The Reagan administration's choice to head the perennially beleaguered Institute of Museum Services, a tiny, $21.5 million agency that has been called "a freckle on the federal landscape," appeared before a Senate confirmation panel yesterday to explain why she should get the job despite the fact that she has no museum experience.
Lois Burke Shepard, 47, a Potomac real estate agent, former high school teacher, Reagan-Bush campaign worker and chairwoman of a voters group known as Republicans Abroad, also was questioned by members of the Senate Labor and Human Resources Committee about her willingness to fight for an agency that the Reagan administration has been trying to eliminate since 1981.
"I was asked by the president to take this assignment because of my administrative ability and not my museum background," Shepard said, adding that she did not think museum experience was necessary because the agency is not a museum. "It is a federal agency which makes grants to museums," she said.
Shepard said that her years overseas as the wife of a Foreign Service officer gave her a special interest in preserving America's heritage: "I was proud to be able when walking through the many museums of Greece or Italy, Singapore or Bangkok to not only appreciate their treasures, but also to discuss with my hosts the vast array of treasures we have in our own country."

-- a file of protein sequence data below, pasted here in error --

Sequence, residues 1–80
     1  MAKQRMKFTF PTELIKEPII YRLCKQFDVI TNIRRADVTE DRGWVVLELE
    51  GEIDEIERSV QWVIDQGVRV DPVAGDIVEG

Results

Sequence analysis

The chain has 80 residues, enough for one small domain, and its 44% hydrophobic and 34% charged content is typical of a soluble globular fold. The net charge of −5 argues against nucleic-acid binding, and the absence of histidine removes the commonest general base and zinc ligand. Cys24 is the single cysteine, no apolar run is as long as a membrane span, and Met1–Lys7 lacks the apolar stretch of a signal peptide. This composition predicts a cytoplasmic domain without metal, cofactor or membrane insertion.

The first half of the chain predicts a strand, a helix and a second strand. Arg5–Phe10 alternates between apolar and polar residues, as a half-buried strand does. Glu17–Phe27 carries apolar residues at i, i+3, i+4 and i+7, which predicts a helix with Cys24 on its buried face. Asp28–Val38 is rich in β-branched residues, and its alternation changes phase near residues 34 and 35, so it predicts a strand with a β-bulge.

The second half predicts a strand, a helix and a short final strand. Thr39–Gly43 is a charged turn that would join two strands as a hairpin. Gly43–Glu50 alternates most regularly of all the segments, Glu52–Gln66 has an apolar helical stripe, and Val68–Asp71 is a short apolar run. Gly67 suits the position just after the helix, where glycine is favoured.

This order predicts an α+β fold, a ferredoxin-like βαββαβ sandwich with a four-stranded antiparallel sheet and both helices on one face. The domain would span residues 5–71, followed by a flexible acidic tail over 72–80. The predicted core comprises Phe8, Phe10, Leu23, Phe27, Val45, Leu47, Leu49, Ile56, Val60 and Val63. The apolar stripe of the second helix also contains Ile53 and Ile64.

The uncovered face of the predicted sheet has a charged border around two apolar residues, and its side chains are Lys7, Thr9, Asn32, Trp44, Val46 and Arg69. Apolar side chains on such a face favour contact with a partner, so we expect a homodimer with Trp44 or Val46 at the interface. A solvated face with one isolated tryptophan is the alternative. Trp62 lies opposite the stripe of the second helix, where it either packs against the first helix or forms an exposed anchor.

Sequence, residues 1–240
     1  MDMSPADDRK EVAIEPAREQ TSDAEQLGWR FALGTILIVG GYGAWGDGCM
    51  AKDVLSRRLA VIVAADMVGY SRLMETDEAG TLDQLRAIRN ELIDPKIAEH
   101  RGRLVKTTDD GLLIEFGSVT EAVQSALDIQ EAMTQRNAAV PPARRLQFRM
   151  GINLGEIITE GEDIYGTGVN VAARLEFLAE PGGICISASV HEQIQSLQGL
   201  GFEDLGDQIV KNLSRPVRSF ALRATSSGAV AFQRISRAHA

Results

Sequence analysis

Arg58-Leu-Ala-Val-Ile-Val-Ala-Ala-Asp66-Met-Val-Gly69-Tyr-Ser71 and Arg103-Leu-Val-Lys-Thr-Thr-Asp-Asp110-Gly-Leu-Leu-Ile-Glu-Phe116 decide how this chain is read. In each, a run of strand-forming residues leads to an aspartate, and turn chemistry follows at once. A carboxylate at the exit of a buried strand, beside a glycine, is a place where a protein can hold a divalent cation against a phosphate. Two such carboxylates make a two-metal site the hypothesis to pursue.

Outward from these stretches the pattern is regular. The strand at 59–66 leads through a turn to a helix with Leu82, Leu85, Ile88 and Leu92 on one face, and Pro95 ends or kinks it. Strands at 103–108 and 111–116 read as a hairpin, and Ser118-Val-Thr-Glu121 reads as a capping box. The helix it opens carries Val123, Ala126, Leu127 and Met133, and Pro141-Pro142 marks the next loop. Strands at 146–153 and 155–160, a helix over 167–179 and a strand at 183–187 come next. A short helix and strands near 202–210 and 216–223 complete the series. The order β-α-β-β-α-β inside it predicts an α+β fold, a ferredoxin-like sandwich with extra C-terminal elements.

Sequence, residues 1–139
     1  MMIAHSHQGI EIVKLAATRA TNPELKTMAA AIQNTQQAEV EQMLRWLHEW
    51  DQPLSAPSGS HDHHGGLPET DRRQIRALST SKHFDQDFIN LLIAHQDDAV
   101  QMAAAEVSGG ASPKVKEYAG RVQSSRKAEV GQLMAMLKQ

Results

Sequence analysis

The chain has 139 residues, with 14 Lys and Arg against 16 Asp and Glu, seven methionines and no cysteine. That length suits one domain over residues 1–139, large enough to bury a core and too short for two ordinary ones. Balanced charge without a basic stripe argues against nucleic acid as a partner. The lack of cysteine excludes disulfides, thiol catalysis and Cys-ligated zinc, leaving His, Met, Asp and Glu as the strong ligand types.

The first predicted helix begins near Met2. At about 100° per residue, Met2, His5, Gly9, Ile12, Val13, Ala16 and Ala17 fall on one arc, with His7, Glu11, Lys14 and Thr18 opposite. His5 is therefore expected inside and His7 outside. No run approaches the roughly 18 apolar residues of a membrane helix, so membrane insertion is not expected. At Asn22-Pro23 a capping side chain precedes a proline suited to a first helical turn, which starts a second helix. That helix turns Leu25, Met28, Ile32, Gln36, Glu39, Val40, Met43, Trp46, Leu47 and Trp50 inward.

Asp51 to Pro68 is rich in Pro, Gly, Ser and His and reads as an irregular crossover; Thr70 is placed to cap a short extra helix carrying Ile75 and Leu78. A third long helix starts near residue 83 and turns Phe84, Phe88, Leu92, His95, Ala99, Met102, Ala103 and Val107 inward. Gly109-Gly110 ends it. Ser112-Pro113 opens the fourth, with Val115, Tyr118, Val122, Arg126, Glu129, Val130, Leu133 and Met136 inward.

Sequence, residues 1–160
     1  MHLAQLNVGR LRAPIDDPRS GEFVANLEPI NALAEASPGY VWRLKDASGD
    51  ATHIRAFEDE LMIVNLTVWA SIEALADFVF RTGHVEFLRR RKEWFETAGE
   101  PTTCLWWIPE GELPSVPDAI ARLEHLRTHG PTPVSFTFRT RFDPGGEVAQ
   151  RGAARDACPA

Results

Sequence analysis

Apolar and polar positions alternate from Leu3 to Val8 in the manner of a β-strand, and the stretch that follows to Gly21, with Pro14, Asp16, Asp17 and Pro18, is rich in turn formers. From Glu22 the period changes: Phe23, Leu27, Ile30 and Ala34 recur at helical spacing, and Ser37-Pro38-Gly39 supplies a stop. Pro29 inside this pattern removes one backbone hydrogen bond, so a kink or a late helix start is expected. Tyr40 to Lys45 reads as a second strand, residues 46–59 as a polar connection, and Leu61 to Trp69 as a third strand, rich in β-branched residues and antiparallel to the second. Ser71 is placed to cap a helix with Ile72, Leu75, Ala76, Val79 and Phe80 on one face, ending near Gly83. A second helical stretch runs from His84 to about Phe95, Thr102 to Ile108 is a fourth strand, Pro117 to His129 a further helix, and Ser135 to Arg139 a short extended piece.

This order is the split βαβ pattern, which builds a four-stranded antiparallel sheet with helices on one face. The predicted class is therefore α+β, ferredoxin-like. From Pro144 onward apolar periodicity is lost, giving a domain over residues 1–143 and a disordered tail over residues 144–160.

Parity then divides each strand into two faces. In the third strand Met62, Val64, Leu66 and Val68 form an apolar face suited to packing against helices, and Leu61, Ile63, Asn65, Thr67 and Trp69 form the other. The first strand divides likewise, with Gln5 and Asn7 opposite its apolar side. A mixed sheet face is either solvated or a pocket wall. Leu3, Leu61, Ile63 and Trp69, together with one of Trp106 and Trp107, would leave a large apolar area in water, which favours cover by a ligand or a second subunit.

Shepard's nomination to the $68,700-a-year post has been criticized by Rep. Cardiss Collins (D-Ill.), chairwoman of the House subcommittee that oversees the IMS. Collins recently wrote to the White House to register "deep concern" at Shepard's qualifications:
"Would we not think it strange to appoint someone with no medical knowledge to head FDA or someone equally ignorant of aeronautics and aviation to head NASA?
"Experience as a high school teacher hardly qualifies one to assume the administrative burdens inherent in a $21.5 million agency responsible for supervising federal grants to museums and cultural institutions in all 50 states," Collins wrote.
*As chairwoman of Republicans Abroad -- the voter registration arm of the Republican National Committee for Americans overseas -- Shepard was responsible for a $200,000 budget and successfully lobbied Congress to increase the federal income tax exemption for citizens living abroad.
* The Institute for Museum Services doles out federal grants to the nation's museums and zoos for operating costs such as fuel, light and security. The Reagan administration would like to see private philanthropy do that job, and since 1981 it has tried to eliminate the agency. Last year, the Reagan budget proposal slashed the IMS budget to $292,000, just enough to close out operations, but Congress once again prevailed and set the budget at its present $21.5 million.
The Reagan budget for 1986-87 will be released next week, and because there have been rumors that the administration may once again propose draconian cuts to the agency's budget, Senate Labor and Human Resources Committee members Claiborne Pell (D-R.I.) and Paul Simon (D-Ill.) sought assurances from Shepard that she would fight to keep the agency alive.
Shepard declined to comment on the agency's future, but described as "noble" its role in helping museums conserve and display the nation's historic, scientific and cultural heritage. She said she thought it "terribly important" to solicit private money as well.
Former IMS director Susan Phillips, now in the White House's Office of Presidential Personnel, reportedly had lobbied hard to give the nomination to the agency's current acting director, Monika Edwards Harrison.
Shepard's husband William, a retired Foreign Service officer, is seeking the Republican nomination for the House seat being vacated by Maryland Rep. Michael Barnes (D).